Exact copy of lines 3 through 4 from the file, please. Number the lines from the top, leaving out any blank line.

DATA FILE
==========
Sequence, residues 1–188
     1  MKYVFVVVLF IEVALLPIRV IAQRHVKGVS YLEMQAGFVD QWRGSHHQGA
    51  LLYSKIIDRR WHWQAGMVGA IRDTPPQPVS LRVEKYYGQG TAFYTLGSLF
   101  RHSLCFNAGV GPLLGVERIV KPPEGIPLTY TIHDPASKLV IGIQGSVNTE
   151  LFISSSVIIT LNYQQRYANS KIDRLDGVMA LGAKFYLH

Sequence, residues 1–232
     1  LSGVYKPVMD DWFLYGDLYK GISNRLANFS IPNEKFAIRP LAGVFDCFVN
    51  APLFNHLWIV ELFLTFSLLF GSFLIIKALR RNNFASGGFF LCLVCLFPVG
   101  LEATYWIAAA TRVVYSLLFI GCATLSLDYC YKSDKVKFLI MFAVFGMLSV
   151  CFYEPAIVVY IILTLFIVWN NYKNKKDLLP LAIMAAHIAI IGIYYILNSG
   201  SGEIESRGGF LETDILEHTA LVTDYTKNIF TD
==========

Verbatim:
    51  LLYSKIIDRR WHWQAGMVGA IRDTPPQPVS LRVEKYYGQG TAFYTLGSLF
   101  RHSLCFNAGV GPLLGVERIV KPPEGIPLTY TIHDPASKLV IGIQGSVNTE